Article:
Business Loan: Making It Work For Your Company

Capital (cash, money, dough, moolah) is an asset and like all business assets, it should be used in the most efficient manner – a manner in which it brings solid value to the business (return).

But, capital is a hard asset to acquire these days and thus, should your company be in a position to receive outside financing like a business loan – then that capital should be properly put to use as your business might not have this opportunity again in the near future.

In private equity deals (venture capital, angel capital), most investors will traunch their funds. This means that they will dole out their investment in chunks based on the investee (the growing company) meeting certain milestones in either customer acquisition or revenue generation.

This is done to essentially set up an option for the investor – where the VC or Angel can re-evaluate the deal at certain stages to determine if they want to continue to pour in money or to simply cut their losses.

Now, an option is only valuable when it is in play – take it out of play (like fund the entire amount up front) and the option becomes sunk (worthless).

While this seems to protect the investor, it can also work for a business seeking a business loan.

A business can fundamentally create their own traunch of funds – creating an option for themselves – an option that provides value, such as:

1) Getting Approved:

Allowing the business to request less initially making that request more likely to be funded. While your company may budget that it needs $100,000 in a business loan over the next three years – it does not need all those funds right now. Cut that request up into traunches and get those funds as needed.

This will also show your lender that you can properly manage their business loan and your operations and thus make future requests more palatable.

2) Cut Your Losses:

Measure the results of each traunch. If things are working out as planned, then request the next traunch. If not, scrap the plan and try something else. At least in this case, you will only be on the hook for a smaller amount then the total $100,000 that was planned.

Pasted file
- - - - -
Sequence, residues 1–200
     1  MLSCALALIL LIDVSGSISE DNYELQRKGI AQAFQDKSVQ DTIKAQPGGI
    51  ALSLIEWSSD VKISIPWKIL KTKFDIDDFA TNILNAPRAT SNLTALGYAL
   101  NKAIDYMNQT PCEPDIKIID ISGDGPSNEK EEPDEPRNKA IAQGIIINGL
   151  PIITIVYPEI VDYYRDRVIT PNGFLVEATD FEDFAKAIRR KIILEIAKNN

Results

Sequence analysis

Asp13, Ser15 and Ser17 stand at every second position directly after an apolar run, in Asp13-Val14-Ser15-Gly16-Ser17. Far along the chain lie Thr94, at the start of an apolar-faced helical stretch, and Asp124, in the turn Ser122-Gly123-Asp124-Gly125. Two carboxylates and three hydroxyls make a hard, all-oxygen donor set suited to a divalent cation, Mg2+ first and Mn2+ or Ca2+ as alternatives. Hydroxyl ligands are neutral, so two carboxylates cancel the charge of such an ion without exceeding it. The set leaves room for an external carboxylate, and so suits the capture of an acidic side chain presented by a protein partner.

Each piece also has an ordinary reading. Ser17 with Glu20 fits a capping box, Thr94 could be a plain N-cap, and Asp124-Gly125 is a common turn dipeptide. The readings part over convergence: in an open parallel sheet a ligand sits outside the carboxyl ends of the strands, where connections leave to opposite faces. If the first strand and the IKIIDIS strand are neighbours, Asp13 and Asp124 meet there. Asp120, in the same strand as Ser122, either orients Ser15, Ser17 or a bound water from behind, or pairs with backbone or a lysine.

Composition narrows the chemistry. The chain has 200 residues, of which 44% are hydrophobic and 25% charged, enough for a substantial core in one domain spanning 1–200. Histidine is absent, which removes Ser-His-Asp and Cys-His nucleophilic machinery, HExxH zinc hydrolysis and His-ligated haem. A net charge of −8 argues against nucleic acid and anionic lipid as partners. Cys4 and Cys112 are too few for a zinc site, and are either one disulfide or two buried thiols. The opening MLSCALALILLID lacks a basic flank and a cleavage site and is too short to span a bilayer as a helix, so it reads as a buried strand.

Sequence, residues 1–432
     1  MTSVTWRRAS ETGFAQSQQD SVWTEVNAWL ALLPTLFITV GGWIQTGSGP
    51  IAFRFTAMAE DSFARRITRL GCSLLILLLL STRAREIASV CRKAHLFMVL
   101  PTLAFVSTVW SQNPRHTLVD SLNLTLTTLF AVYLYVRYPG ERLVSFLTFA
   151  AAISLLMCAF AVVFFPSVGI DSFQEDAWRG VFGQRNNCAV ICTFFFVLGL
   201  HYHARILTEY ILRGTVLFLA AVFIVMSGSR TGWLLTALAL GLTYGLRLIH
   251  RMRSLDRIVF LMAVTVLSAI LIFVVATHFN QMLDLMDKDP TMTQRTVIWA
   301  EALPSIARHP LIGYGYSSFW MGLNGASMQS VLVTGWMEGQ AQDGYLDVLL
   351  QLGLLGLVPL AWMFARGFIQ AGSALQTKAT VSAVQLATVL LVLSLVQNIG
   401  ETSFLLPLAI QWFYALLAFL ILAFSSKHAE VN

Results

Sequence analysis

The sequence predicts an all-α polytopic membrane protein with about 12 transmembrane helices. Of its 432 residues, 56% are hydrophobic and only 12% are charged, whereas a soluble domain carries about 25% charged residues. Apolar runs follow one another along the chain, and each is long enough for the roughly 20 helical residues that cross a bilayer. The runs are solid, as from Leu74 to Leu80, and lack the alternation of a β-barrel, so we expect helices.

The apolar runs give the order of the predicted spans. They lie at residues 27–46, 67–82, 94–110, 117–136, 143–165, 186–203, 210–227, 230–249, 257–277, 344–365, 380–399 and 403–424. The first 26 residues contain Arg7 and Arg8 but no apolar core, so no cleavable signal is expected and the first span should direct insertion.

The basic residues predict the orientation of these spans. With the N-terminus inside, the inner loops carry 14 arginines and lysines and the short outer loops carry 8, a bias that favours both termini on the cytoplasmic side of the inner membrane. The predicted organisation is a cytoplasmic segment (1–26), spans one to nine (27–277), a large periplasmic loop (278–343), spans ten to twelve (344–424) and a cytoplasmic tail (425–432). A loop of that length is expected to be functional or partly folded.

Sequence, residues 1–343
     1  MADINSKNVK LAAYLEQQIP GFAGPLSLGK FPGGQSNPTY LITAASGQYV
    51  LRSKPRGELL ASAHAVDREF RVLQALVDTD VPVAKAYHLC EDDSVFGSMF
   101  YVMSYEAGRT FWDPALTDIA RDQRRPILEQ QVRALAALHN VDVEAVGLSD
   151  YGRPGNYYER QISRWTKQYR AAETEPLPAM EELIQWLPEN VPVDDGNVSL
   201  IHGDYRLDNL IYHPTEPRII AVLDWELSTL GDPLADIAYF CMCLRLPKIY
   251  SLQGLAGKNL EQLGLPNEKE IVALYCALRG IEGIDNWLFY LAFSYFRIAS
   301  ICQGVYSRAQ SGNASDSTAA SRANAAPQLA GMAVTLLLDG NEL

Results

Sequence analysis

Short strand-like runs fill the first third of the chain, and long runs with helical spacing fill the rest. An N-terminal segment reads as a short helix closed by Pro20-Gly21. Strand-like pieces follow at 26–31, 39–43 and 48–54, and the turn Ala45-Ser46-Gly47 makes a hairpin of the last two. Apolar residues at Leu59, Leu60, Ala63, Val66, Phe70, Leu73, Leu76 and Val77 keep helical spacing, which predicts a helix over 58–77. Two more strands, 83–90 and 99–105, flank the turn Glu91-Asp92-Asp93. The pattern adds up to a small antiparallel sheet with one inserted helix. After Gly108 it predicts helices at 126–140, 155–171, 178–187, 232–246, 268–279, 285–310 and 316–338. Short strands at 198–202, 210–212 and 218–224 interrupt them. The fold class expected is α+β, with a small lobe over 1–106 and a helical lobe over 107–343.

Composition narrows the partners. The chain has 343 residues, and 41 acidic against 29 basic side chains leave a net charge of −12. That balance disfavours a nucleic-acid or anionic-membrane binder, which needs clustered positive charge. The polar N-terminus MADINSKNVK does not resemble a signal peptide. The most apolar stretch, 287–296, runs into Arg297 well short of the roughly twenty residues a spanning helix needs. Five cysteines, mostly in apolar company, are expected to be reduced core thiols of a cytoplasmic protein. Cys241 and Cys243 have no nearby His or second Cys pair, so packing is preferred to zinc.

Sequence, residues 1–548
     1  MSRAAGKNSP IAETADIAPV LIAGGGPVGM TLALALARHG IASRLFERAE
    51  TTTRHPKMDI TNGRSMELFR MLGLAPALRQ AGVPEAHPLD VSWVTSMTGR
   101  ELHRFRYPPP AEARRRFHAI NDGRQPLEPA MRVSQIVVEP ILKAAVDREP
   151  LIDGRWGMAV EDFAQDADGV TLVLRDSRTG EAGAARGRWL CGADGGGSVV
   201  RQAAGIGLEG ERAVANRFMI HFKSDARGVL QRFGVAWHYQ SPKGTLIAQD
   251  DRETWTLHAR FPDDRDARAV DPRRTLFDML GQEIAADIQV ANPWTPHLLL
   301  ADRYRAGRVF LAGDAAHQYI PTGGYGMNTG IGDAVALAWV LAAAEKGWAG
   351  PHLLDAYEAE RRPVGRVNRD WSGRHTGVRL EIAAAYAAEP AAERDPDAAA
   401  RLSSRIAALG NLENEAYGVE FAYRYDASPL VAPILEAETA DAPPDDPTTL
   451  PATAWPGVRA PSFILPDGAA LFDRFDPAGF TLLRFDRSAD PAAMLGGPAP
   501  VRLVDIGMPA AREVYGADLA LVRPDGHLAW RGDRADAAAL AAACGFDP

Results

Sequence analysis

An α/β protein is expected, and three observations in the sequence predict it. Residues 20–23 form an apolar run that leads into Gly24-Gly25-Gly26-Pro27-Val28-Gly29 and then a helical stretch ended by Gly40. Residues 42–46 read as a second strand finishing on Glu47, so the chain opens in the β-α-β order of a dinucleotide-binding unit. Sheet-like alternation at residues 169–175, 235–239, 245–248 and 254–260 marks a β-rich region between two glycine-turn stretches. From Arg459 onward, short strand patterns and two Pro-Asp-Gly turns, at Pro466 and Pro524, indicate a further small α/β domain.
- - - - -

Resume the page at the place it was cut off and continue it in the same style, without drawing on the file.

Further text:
3) Flexibility:

By traunching your funding, you offer your business much more flexibility. What happens if your business meets its goals with only half the investment (loan) or only after one traunch. If that is all you have had to borrow, you have saved your company large fees and tons of interest over the life of the loan.

Typically, when businesses receive funding they really don’t need or can’t use right away, they tend to manufacture ways in which to spend those funds – ways that might not be in the best interest of the company’s long-term future (kind of like having that money burning a hole in your pocket).

Most business owners panic when they think they need outside money and the common assumption is to get as much as you can at a single time. But, this takes the option value out of the equation and could potentially create more future harm for your business.

You would not go out and purchase 20 brand new computers for just 2 new employees thinking that you will hire an additional 18 employees over the next three years. That would just be inefficient and wasteful.

Thus, why raise more money then your business needs right now.

The goal here is to ensure all your business assets are working overtime to bring in value and profits for your company. If you have too much of a single set of assets, then those assets are not being put to their best use (which is very un-business like).

Make your business loan work for you by treating it as the asset it really is.